FIG. 36 shows a structure of the unit controller. The unit controller is an example where the priority classes are two (0 and 1).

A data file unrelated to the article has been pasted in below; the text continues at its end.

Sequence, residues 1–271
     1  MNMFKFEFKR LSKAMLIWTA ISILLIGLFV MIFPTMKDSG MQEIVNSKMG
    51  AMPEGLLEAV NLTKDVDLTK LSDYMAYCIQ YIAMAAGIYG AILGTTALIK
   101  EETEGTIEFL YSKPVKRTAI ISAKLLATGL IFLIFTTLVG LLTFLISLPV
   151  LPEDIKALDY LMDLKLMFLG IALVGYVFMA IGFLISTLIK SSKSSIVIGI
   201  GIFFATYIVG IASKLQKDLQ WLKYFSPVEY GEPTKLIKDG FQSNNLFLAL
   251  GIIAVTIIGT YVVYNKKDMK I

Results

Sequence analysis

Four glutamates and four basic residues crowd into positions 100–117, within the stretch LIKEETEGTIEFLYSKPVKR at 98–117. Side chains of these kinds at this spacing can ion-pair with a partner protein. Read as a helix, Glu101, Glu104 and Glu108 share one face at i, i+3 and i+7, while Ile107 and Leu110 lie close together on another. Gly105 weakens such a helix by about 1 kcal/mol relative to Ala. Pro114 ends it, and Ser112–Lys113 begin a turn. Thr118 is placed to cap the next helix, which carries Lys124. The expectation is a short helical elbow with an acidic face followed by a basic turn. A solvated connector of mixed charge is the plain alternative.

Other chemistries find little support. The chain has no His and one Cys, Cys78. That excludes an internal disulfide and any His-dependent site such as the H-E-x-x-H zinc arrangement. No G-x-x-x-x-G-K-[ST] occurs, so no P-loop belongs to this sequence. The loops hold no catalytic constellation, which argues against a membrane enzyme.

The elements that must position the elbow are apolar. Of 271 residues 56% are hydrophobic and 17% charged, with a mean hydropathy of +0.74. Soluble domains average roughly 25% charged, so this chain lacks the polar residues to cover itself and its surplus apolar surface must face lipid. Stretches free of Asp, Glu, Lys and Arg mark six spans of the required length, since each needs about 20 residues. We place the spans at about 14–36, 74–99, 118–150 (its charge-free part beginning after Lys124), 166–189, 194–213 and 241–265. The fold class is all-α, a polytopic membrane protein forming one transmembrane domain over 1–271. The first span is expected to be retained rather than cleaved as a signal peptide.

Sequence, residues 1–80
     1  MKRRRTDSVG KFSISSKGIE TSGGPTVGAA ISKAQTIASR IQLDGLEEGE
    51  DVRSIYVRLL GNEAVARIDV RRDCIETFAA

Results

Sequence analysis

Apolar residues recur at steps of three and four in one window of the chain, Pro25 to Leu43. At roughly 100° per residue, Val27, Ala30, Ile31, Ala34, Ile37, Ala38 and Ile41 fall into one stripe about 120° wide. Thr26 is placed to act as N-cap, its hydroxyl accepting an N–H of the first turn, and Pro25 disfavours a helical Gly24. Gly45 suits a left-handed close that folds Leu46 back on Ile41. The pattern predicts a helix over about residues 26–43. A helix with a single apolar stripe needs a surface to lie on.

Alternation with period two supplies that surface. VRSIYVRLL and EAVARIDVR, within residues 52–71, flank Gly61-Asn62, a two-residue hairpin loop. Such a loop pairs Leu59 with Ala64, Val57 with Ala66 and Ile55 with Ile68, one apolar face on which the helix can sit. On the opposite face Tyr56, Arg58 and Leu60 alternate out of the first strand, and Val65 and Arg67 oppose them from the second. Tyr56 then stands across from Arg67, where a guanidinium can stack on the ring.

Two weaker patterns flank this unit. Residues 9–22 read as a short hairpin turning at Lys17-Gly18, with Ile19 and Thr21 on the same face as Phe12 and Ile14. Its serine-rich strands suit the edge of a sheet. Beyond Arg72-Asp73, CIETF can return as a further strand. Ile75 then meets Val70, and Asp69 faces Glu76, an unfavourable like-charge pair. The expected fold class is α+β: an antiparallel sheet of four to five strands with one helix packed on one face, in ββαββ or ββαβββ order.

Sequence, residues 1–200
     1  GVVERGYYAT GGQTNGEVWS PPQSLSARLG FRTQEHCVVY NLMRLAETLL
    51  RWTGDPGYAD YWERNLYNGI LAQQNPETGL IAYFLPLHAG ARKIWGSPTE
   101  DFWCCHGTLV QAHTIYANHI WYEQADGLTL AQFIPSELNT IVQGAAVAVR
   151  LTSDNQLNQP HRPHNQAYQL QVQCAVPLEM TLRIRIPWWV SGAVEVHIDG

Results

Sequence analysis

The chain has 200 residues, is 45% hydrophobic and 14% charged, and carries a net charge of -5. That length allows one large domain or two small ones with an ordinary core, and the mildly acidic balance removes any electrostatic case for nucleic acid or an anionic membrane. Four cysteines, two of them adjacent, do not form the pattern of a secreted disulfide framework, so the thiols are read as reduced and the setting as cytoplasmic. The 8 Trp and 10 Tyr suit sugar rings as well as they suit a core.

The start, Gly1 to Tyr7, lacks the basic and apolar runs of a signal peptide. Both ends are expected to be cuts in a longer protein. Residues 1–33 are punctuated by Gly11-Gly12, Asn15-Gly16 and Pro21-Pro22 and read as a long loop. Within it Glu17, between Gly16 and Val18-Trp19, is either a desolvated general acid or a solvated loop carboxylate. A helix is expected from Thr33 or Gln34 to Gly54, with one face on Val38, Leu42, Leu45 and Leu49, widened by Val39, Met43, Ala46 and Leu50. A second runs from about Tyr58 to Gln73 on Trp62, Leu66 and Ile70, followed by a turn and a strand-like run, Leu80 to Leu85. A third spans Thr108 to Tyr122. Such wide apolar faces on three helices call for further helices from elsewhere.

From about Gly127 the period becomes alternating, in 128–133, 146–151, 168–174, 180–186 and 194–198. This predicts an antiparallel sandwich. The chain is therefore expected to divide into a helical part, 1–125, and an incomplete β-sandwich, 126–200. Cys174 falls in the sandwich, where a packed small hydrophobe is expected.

In FIG. 36, COMP is the comparator for detecting whether or not the routing tag to be output and indicated by ROUT in the routing tags stored in the routing tag register, EMPTY is the existence detector for detecting whether or not the meaningful information is stored in the routing tag resister, SEL is the selector, RS is the signal for instructing the reset to the special 1 bit of the routing tag, EN is the write enable signal of the priority information register and the routing tag register, SL is the signal for instructing the input switching of the priority information register and the routing tag register, RO is the output value of the routing tag resister, PO is the output value of the priority information register, AE is the write enable signal of the address pointer register, S0 is the output signal of the search circuit corresponding to the priority class of 0 and the signal representative of the fact that the meaningful output cell is stored in the unit, A0 is the input signal of the search circuit corresponding to the priority class 0 and the signal representative of the fact that the meaningful output cell is stored in the unit, S1 is the output signal of the search circuit corresponding to the priority class 1 and the signal representative of the fact that the meaningful output cell is stored in the units lower than this unit, A1 is the input signal of the search circuit corresponding to the priority class 1 and the signal representative of the fact that the meaningful output cell is stored in this unit, ROUT is the signal for instructing the output port of the cell to be output, OM is the signal representative of the output mode, IM is the signal representative of the input mode, SM is the signal representative of the shift mode, and POUT is the signal representative of the highest priority class in the cells which have been searched.